Entering a gallery and facing a wall-size photograph is a disorienting pleasure, especially when you encounter a piece with serious resolution. Viewing Doug Hall's 5-foot-wide digital prints of tourist sites, plazas, and the American west is to become immersed, gazing at the grandeur along with the accumulated crowds that typically pop up in his work. Mount Rushmore 2004, for instance, is not just a picture of our stone-face presidents; it's a picture of people taking pictures of our presidents, exactly like Hall, and it's just as enjoyable to pore over the throng as it is to stand in dutiful awe at the looming ghosts. "Photographs" runs through Oct. 8 at the Rena Bransten Gallery, 77 Geary (at Grant), S.F. Admission is free; call 982-3292 or visit www.renabranstengallery.com.


Calendar submissions can be mailed or delivered to 185 Berry, Suite 3800, San Francisco, CA 94107; faxed to 777-1839; or e-mailed to hiya.swanhuyser@sfweekly.com at least two weeks in advance of your event. Earlier is, as always, better than later. We make every effort to include all appropriate events in our online listings, available at www.sfweekly.com.

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Michael Leaverton

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Slideshows

  • Nevada City and the South Yuba River: A gold country getaway

    Nestled in the green pine-covered hills of the Northern Sierra Nevada is the Gold Rush town of Nevada City. Beautiful Victorian houses line the streets, keeping the old-time charm alive, and a vibrant downtown is home to world-class art, theater and music. The nearby South Yuba River State Park is known for its emerald swimming holes during the summer and radiant leaf colors during autumn. These days the gold panning is more for tourists than prospectors, but the gold miner spirit is still in the air.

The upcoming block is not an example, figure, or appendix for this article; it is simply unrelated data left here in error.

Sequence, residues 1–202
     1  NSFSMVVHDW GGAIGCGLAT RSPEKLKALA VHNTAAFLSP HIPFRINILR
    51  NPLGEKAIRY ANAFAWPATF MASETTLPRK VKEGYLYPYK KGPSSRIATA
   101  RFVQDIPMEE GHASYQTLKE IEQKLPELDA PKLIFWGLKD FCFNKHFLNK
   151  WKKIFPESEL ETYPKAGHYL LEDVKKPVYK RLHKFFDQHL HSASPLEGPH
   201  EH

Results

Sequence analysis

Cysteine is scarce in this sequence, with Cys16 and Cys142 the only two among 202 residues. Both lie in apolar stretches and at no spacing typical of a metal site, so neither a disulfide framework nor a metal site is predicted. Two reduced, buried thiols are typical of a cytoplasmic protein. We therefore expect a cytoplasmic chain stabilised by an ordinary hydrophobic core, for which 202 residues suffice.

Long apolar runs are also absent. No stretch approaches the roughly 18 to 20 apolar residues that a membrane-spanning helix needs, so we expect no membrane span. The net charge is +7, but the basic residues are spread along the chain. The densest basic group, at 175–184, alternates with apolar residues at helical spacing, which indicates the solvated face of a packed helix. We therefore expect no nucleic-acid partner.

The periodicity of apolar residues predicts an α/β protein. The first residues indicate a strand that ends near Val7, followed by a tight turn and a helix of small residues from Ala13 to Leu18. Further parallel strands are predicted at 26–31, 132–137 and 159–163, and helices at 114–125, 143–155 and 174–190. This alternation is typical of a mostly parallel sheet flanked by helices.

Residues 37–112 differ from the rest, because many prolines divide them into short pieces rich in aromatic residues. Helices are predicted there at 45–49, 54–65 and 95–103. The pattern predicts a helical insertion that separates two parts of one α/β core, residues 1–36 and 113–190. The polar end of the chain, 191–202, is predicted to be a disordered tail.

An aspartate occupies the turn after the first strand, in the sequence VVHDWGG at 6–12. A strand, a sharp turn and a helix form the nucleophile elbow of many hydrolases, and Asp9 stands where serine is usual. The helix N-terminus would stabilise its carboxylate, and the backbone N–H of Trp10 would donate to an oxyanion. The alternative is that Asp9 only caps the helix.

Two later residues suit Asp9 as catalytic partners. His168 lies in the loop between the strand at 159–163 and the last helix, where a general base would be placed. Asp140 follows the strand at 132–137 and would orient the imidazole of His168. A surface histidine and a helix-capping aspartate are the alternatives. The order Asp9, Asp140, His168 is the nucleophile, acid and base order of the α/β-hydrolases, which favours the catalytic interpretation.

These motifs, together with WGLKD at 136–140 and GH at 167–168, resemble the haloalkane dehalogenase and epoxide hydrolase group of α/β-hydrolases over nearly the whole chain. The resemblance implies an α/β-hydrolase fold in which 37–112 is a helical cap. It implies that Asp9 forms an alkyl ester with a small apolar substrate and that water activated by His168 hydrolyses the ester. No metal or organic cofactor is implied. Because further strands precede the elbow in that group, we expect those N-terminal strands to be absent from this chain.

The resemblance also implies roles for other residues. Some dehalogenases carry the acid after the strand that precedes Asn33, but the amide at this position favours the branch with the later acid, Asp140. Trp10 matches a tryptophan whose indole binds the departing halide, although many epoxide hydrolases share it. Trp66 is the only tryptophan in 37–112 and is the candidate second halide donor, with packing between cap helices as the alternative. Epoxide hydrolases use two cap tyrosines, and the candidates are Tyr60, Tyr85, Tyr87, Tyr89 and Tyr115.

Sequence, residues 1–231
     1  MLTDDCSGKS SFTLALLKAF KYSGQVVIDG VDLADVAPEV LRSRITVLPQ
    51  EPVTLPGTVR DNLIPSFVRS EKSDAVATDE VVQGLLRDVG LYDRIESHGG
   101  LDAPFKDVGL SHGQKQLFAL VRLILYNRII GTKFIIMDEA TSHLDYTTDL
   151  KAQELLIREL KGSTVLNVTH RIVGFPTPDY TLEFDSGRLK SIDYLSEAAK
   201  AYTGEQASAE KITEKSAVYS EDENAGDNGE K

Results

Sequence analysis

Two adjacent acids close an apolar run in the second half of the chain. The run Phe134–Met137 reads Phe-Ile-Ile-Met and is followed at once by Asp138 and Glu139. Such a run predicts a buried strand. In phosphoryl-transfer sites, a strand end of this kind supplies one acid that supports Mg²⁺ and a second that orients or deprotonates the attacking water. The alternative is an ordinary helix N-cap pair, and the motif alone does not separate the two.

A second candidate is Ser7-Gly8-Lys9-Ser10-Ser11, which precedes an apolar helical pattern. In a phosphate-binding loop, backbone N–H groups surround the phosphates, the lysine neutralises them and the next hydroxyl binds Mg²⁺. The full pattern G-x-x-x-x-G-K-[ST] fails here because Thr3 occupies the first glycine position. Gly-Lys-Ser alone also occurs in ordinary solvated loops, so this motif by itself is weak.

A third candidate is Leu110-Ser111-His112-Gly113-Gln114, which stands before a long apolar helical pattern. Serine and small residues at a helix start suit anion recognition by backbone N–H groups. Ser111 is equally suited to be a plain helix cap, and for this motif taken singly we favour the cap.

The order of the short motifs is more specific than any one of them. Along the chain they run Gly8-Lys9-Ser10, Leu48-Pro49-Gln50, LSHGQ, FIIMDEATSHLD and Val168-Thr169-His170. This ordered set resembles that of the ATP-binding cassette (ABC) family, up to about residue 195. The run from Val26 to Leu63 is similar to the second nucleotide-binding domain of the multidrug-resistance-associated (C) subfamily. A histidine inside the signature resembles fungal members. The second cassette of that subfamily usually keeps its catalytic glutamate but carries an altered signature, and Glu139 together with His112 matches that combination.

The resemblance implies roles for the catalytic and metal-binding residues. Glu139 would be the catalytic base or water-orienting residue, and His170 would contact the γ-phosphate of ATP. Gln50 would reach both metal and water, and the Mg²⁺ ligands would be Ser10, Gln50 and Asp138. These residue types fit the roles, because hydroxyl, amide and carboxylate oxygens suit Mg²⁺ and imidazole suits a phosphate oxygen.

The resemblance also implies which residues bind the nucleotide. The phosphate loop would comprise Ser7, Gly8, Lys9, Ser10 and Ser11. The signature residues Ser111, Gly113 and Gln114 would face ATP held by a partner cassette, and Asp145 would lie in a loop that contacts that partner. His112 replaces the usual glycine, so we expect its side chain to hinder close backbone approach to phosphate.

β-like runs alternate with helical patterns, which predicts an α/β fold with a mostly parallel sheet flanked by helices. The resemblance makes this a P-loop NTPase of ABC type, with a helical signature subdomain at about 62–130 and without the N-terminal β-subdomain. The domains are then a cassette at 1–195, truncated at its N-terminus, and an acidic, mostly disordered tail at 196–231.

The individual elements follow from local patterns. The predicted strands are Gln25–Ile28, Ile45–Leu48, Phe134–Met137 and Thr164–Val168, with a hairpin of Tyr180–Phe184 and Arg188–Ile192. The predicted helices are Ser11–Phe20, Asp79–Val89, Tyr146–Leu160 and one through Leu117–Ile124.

South Yuba River State Park and Swimming Holes:
    The park runs along and below 20 miles of the South Yuba River, offering hiking, mountain biking, gold panning and swimming. The Highway 49 bridge swimming hole is seven-miles northwest of Nevada City where Highway 49 crosses the South Yuba River. Parking is readily available and it is a short, steep hike to a stunning swimming hole beneath a footbridge. For the more intrepid, trails extend along the river with access to secluded swim spots. The Bridgeport swimming hole has calm waters and a sandy beach -- good for families and cookouts -- and is located 14 miles northwest of Nevada City. Be sure to write down directions before heading out, GPS may not be available. Most swimming holes on the South Yuba River are best from July to September, while winter and spring can bring dangerous rapids. Always know the current before jumping in!

    Downtown Nevada City